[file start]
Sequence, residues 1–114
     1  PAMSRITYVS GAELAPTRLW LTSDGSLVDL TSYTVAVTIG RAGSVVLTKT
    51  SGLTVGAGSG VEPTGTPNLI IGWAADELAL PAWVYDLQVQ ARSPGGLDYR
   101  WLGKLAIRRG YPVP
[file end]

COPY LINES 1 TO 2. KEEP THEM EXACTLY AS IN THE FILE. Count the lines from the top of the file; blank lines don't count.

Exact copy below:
Sequence, residues 1–114
     1  PAMSRITYVS GAELAPTRLW LTSDGSLVDL TSYTVAVTIG RAGSVVLTKT